: Birding in Southern Oregon.

Birding in Klamath Falls

July 6, 2007 (Updated November 19, 2013)

Whoever came up with the old idiom, “birds of a feather stick together,” must have been thinking of Klamath Falls. With more than 47 birding locations that play host to 350 species among the mountains and marshes of its 190,000 acres, the Klamath Basin Birding Trail constitutes one of the biggest freshwater wetlands west of the Mississippi and is arguably a haven for bird watching.

On a brilliantly sunny June day a few weeks ago, a few Travel Oregon cohorts and I joined Meet Me in Klamath and the U.S Fish & Wildlife on a tour of some of the area’s prime birding locations. Having never gone out to check out birds before (at least the feathery kind), I was feeling a bit unsure of what to expect and what to do on this outing. But as soon as we met up with our guides, I knew that we were in the hands of experts. They swiftly got the group together by passing around our tools for the trip – binoculars, copies of Klamath Basin Birding Trail (which you can order online), and of course the requisite food for every able bodied bird watcher – water and granola bars. Tools in hand, we scrambled into the bird mobile (okay, van) and hit the road. See photos of our excursion here.

If you’ve never been to Klamath before, prepare to be stunned. The serene landscape here is dominated by the brilliant blue expanse of the Upper Klamath Lake (the Northwest’s largest natural lake), which forms a tranquil backdrop to the mosaic lush marshes, aromatic sagebrush, old growth forests, juniper woodlands and stunning mountain views.

As our hosts drove us to the scheduled watching spots, we were totally spellbound by the sights before our eyes. We saw the “water dance” of courting gebes, majestic bald eagles, the lithe osprey, and a host of other birds that I’ve never seen before such as Red-Tailed Hawks, cormorants, and a plethora of multi-colored herons (blue, green and black). For more on where we stopped and what we saw, check out the following links:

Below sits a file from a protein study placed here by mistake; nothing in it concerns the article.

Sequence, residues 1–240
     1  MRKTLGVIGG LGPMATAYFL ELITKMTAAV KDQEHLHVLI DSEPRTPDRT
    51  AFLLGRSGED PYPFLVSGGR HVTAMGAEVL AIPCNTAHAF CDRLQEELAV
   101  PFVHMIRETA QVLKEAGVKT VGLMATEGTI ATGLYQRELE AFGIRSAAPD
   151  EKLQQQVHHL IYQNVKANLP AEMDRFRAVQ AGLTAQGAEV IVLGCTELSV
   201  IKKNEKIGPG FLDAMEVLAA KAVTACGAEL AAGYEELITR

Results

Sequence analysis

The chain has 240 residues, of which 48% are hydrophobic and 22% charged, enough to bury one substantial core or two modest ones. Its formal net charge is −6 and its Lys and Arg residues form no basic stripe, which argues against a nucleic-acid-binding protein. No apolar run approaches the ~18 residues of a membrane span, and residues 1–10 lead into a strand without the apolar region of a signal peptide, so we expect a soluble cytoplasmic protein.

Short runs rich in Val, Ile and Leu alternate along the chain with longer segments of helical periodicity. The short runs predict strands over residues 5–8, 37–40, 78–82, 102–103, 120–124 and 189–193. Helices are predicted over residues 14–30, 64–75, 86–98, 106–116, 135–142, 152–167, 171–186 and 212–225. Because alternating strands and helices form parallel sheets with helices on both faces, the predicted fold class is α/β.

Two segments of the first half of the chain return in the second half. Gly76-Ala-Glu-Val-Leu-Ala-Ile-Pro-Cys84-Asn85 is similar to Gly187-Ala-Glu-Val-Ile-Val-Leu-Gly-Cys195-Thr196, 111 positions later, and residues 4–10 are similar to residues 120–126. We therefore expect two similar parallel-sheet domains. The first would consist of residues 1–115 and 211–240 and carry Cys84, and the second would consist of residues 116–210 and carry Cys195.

• Klamath Wildlife Area, Miller Island Unit – Our first stop on the tour. Miller Island is an old homestead unit and features marshes, dikes, and ponds. The marshes host varieties of geese, cranes and many duck species.
  • Link River Trail – Located close to downtown, this area is bordered by both riparian habitat and an arid hillside; we saw a variety of migratory birds and waterfowl here. We also witnessed the “water dance” of courting gebes here (sorry it was a bit far for video).
  • Klamath Wingwatchers’ Lake Ewauna Nature Trail – Also adjacent to downtown Klamath Falls; we saw herons, waterfowl, a bald eagle, an osprey and more.
  • Putnam’s Point Park – Located adjacent to Moore Park, here we witnessed swallows, warblers and more.
  • Moore Park – The last and most definitely the highlight of our visit! This lush pine forest reminded me of Washington Park in Portland, minus the wide expansive views of Klamath Lake. From the vantage point at the top of the nature trail provides dramatic views of the lake and the rim of Crater Lake. The videos you see here were shot overlooking this view.

Needless to say, with just five of the 47 birding sites under our belt, we were amazed at the sheer variety and quantity of birds we saw. In case you’re curious, we did keep count and at the end of the tour, we’d seen 50 varieties of birds.

If you’re hankering to take a bird watching trip to Klamath and are wondering when to go, your best bet would be late April through early July which is ideal for breeding bird activity (think singing, dancing). For Bald Eagles and Raptors the best months are late-November through mid-March. And for peak migratory bird viewing, mid-March through mid-April and mid-October through late November are best.

About The

Mo Sherifdeen
Mo lives in SE Portland and loves to hike the forests and mountain trails of Oregon with his family. He once wrote a parenting column for PDX Parent and has also been known for getting lost inside Powell’s, seeking hoppy IPAs and the best fish 'n chips along the Oregon Coast. He spends his days promoting tourism in Oregon at Travel Oregon.

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